Music played a crucial role in this process in two ways. First, music appreciation--specifically, knowledge of the reggae classics around which the skinhead subculture was originally organized--became, for one group of skinheads, a litmus test for authenticity. Second, genre itself became a contested site. On the one hand, the skinhead revival of the late 1970s crystallized around a punk-infused revival of the Jamaican sounds of Ska (a precursor to reggae) centered on the Two Tone label and bands like the Specials and Madness. These multiracial bands were explicitly political in their support for racial unity centered on appreciation for music. Yet their fortunes were inextricably linked with the skinheads who embraced them, yet all-too-frequently wrecked gigs with politically-inspired violence. On the other hand, the skinhead version of punk rock--Oi!--arose to supply the basis for the creation of an explicitly political style of skinhead music. Although the majority of the Oi! bands considered themselves "unpolitical," by providing an artistic forum for skinheads to express their own ideas, Oi! became a mirror of the left-right divide within the skinhead scene. It was out of this polarization that the genre of "Nazi rock" developed, and through it that successive iterations of the struggle for skinhead identity were played out.
A second site in the struggle over authenticity was personal style. The original skinhead subculture was created out of distinctive elements of clothing organized around the cropped hair: Tight Levi's jeans or StaPrest pants, Ben Sherman button-down and Fred Perry tennis shirts, work boots, suspenders (braces), and Levi's or Harrington jackets. Suits modeled on those of the Jamaican rude boys were often worn in the evening, but day or night, the skinhead look was hard, masculine, and working-class. With his boots, sturdy clothing, and cropped hair, the skinhead became, in the words of Phil Cohen, a "caricature of the model worker." (7) Like the "right" music, the "right" clothing signified taste and authenticity. But as new influences crept into the skinhead subculture during the revival of the late-1970s, style, like music, became a source of conflict as well as unity. In order to match the shock valued of punk, these second-generation skins--many of them themselves ex-punks--took the style to new extremes, emphasizing the threatening aspects of the look at the expense of the sharp stylishness prized by the original skins. Boots became taller, military surplus MA-1 jackets replaced earlier more "civilian" looks, tattoos--previously confined to the arms or torso--began to crop up above the neckline, and hair became shorter to the point of baldness. These changes in style mirrored, to an extent, changes in the content of the subculture, with the more extreme looks coming to signify affiliation with the radical right. (8)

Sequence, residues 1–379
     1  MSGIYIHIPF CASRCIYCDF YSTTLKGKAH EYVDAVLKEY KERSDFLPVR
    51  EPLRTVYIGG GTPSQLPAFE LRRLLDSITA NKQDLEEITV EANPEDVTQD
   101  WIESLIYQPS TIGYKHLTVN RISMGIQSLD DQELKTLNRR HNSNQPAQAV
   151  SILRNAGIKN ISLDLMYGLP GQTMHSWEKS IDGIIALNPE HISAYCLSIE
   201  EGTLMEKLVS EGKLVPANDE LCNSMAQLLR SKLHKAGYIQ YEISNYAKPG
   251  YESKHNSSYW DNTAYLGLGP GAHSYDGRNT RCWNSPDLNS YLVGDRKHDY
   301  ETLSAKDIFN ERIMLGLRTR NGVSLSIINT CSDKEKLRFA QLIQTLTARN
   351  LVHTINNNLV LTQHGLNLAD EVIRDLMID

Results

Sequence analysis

Reacting against this trend--which they considered a bastardization of the original skinhead style--numbers of skins began to stress the cultivation of the "original" look, making fashion, like music, a litmus test for authenticity. Violators of the proper codes were not skinheads, but "bald punks," a category to which racists--who, in the eyes of purists, failed completely to understand what the subculture was about--were likely to belong. The connection between right-wing politics and "inauthentic" modes of dress was personified in the figure of the "bone head," a glue-sniffing, bald-headed supporter of the extreme right, sporting facial tattoos, a union-jack T-shirt, and "the highest boots possible." (9) Although the emphasis on correct style was not explicitly political, it grew--like insistence on the subculture's black musical roots--out of a concern with the authentic sources of skinhead identity. As such, it was heavily associated with the attempts of left-wing and so-called "unpolitical" skins to "take back" the subculture from the radical right in the early 1980s.